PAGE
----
It’s usually not cool to wear the same outfit as one of your parents, but sometimes there are exceptions.
That was the case when a father and son from Nikiski both graduated wearing matching caps and gowns at Kenai Peninsula College’s commencement ceremony Thursday night at Kenai Central High School.
“It just kind of worked out that here we are walking (together),” Robert Pepper said. “It’s a pretty unique accomplishment.”
Robert Pepper enrolled at KPC in 2010 in its occupational safety and health program. Robert previously worked on the North Slope and will be returning there, but this time he will be giving presentations and fielding phone calls and emails.
His son, Chris Pepper, has been a student at KPC since 2008. He started as an elementary education major, but switched to liberal studies this school year to broaden his options and graduate sooner. He plans to work in the community with early childhood programs.
“It’s going to be weird because it’ll be new people and a whole new environment,” Chris said, “but I feel like I’m ready. Whatever the next step is, I know I’m ready.”
Chris worked in student services and Robert worked at the library on campus, so they would see one another at each other’s jobs occasionally.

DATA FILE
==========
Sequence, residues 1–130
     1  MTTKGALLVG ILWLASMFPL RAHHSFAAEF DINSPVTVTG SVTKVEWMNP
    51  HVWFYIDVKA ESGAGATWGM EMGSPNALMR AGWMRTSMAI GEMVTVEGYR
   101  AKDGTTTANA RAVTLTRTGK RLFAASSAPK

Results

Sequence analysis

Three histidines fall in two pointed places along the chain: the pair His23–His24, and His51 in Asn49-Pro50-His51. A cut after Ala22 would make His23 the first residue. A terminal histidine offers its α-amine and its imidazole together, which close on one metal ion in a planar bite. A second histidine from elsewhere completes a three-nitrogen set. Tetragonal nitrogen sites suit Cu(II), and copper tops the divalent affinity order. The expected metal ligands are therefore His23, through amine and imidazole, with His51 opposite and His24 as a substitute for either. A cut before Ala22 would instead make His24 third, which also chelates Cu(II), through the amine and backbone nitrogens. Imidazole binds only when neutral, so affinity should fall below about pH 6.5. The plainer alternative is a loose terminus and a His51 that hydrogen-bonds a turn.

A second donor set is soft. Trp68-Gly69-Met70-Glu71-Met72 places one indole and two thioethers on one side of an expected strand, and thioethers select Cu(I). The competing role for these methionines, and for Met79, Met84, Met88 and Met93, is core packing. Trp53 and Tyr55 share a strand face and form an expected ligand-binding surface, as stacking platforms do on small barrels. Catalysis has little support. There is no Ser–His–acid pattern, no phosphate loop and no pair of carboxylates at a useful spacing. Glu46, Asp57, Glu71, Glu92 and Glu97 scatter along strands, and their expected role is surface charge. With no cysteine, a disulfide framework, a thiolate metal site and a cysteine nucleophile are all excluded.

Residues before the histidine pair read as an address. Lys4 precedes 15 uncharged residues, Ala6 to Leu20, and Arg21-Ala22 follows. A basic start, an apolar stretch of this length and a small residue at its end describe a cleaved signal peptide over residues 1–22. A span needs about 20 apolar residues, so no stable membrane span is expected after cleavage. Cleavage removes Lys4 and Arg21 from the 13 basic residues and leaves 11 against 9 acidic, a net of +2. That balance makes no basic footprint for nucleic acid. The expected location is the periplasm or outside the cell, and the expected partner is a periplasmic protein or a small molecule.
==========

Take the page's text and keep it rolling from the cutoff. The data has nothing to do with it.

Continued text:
“Sometimes I would go in the library and be loud purposely because he’s my dad,” Chris said. “What’s he going to do?”
The duo would treat one another to lunch at school and whenever they passed in the halls, they would high-five.
They’re both proud of the other’s accomplishments. Chris said his mom, Marti, is also happy her son and husband are graduating.
Robert said it was a challenge returning to school as an older student and years removed from the learning environment. But it was really refreshing, he said.
“I didn’t realize how much I was needing to be in a learning environment until I got in one and then I realized it was just great,” he said.
Elizabeth Cooper and Lori Lehigh also both attended KPC as older students. They graduated with associate’s degrees in general business. Both felt they were at points in their lives where the timing was right.
“I got laid off,” Cooper said, “so it was a good time in life to complete my degree.”
“I have a son in high school, and I wanted to achieve this to be an influence on him,” Lehigh said.
KPC graduated more than 145 students — a new record for the college. Graduates received degrees ranging from GEDs to masters. More than 100 graduates received GEDs. Suzie Kendrick, advancement program manager at KPC, said those GED graduates are very important to the college because many continue their education with KPC.
Raymond Cox, 16, is doing just that. When he moved to Soldotna with his family, he was behind in school credits. He said getting his GED through KPC was the fastest route to getting a high school degree. Cox plans to return to KPC to study process technology — one of the college’s most popular associate’s degrees.
“I wouldn’t go anywhere else,” Cox said.
Kaylee Osowski can be reached at firstname.lastname@example.org.